Blackjack is one of the most popular casino games, and it’s a game that recreational players enjoy for its slow pace and the more generous odds that it offers. Blackjack requires the player to take meaningful actions that impact the outcome of the game, yet beginners can still play without much prior knowledge. It’s important to understand the game so that you can reduce the house edge from the typical 1 – 2% to as low as 0.5%.
Rules of Blackjack
Blackjack uses a traditional deck of playing cards, with 52 cards and 4 suits. Casinos may use multiple decks in order to make card counting more difficult, whereas online casinos use random number generators to replicate shuffling.
In most variations of blackjack, the suits do not matter. Each card is given a value based on its number. Aces are worth 11 points, face cards are worth 10 points, and the other cards are worth the number that they state (e.g., a three is worth three points, a five is worth five points, etc.).
The aim of the game is to beat the dealer by scoring closer to 21 points, without going over and going ‘bust’. The hand with the highest total wins the bet, but a score of 22 or higher will automatically lose. A ‘blackjack’ is a hand that scores 21 with the first two cards, and this usually pays more generously than a normal win.
The player buys into the hand by placing their bet and can then decide whether to hit, stand, or take a number of other options. We’ll have more on this soon…
It’s important to recognise that the basic rules of blackjack change according to variations, and different tables can have different rules—even within the same casino. For example, there may be a number of side bets available, such as ‘insurance’ and ‘surrender’. There may be different rules about how the dealer has to play her hand, such as when the dealer has to hit or stand, although the dealer commonly hits on totals of 16 or under.
Let’s take a look at how a hand plays out, and what you have to do as a player.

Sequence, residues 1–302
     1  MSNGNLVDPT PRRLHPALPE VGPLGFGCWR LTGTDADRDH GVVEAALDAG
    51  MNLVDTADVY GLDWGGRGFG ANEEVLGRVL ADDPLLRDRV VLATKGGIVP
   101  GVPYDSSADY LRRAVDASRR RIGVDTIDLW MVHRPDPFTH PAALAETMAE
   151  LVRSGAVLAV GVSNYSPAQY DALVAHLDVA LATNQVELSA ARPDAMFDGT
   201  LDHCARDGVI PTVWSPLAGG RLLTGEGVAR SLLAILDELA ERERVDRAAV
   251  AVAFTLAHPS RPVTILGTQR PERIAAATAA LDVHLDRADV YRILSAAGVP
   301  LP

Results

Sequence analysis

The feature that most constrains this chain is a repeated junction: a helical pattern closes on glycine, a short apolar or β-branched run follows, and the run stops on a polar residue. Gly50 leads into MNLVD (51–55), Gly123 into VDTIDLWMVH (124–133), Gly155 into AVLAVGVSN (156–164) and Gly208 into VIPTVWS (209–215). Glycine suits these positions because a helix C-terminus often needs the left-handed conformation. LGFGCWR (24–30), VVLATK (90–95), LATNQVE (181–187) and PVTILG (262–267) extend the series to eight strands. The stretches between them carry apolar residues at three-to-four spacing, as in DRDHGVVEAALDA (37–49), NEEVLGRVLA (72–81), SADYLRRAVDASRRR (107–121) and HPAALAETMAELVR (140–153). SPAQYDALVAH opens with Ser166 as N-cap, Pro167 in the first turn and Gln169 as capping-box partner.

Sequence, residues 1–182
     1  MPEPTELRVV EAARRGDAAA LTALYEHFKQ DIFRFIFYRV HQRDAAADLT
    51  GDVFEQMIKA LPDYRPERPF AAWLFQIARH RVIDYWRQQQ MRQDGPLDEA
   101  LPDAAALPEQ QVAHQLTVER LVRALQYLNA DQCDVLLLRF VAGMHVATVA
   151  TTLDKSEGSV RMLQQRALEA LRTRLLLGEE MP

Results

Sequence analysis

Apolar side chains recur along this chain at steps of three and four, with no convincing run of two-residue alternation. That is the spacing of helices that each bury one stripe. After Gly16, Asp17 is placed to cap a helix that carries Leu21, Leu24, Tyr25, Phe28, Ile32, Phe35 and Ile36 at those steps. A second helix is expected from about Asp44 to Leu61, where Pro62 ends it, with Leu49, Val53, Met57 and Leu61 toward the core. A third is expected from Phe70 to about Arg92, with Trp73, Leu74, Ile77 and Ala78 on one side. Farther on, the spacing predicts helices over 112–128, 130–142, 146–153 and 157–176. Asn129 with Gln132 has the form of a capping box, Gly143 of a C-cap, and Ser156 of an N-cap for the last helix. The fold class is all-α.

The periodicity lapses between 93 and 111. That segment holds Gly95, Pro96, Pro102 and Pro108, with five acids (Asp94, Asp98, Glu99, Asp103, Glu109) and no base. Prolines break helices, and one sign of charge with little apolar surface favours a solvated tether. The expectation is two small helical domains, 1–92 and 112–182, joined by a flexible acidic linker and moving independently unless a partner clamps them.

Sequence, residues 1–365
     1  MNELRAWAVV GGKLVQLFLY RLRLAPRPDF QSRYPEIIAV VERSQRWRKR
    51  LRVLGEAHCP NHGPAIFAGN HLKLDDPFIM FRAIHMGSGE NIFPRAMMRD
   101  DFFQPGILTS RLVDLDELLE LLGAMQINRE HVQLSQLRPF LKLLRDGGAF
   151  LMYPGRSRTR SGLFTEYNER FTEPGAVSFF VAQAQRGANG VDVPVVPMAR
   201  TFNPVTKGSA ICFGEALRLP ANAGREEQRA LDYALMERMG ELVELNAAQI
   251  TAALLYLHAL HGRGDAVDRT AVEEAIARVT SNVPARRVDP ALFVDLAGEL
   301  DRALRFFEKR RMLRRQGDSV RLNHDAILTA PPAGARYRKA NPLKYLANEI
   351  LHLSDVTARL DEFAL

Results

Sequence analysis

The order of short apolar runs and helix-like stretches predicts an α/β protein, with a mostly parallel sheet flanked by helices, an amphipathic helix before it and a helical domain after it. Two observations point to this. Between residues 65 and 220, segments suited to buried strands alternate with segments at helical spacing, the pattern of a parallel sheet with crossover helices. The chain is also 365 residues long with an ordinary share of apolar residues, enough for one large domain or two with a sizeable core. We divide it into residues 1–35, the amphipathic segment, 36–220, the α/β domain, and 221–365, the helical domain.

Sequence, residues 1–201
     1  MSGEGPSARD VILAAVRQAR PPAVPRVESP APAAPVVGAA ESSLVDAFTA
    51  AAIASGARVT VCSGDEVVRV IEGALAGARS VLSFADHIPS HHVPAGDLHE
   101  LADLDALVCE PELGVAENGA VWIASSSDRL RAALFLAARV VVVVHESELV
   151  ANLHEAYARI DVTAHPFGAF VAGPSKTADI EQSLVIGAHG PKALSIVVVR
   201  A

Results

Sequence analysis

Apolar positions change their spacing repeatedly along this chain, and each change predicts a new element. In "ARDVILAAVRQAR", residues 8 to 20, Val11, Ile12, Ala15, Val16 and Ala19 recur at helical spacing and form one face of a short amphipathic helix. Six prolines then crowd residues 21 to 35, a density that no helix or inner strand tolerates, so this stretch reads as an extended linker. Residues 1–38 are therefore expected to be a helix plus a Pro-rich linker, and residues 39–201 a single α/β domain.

How to Play Blackjack
When you approach a blackjack table (or online table), there will always be a minimum or maximum bet that you can place. To play a hand, you have to place at least the minimum bet, and then the dealer will deal you, and the other players who have placed their bet, two cards each.
The dealer will also have two cards, one of which will be face up. In blackjack, you play against the dealer’s hand, so the other player’s hands do not matter. You can decide what to do based on your own two cards and the information you have about the dealer’s hand from the single card that they are showing.
The one most basic decision you have to make in blackjack is whether to ‘hit’ or ‘stand’. If you hit, you will be given another card to add to your total. If you stand, you will not be given any more cards. It is this simplicity that makes blackjack one of the popular casino games.
You can also choose to ‘double-down’, which means doubling your bets and taking one (and only one) more card. You can also ‘split’ your hand when you are holding two cards of the same value. Splitting will turn your hand into two independent hands that are played separately, and doing so will cost you another bet. Some tables give you the option of ‘surrendering’ half of your bet at this point—a bit like folding in poker.
Remember, the aim of the game is to make close to 21 points without going over and to beat the dealer. To do this more often, players make use of what is known as ‘basic strategy’.
Intro to Basic Strategy
The basic strategy in blackjack is to make the correct plays to reduce the house edge as much as possible. It is all mathematical, and it’s been worked out to give the player the best odds according to the situation—their own hand compared to the card that the dealer is showing. If you want to play blackjack often, learning basic strategy will be very useful. You can get blackjack charts to help. For now, here are a few tips taken from the known optimal strategy.
Stand when your hand is 12 – 16 and the dealer has 2 – 6.
Hit when your hand is 12 – 16, and the dealer has 7 – Ace.
Always split 8s and Aces, and never split 4s, 5s or 10s.
Double on 11 when the dealer has 2 – 10 (anything but an Ace).
Only surrender 16 if the dealer is showing 9 – Ace, and 15 if the dealer is showing 10.
Never play insurance, as the house edge is 6%. This goes for other side bets.
When you learn and play basic strategy, you will reduce the house edge to as little as 0.5%. Professionals learn to card count to gain even more of an edge, hoping to gain advantage plays and make a profit. Card counting doesn’t have to be very complex. There are simple methods available. But, for the recreational player, learning basic strategy is enough to allow you to enjoy the game and minimise the edge.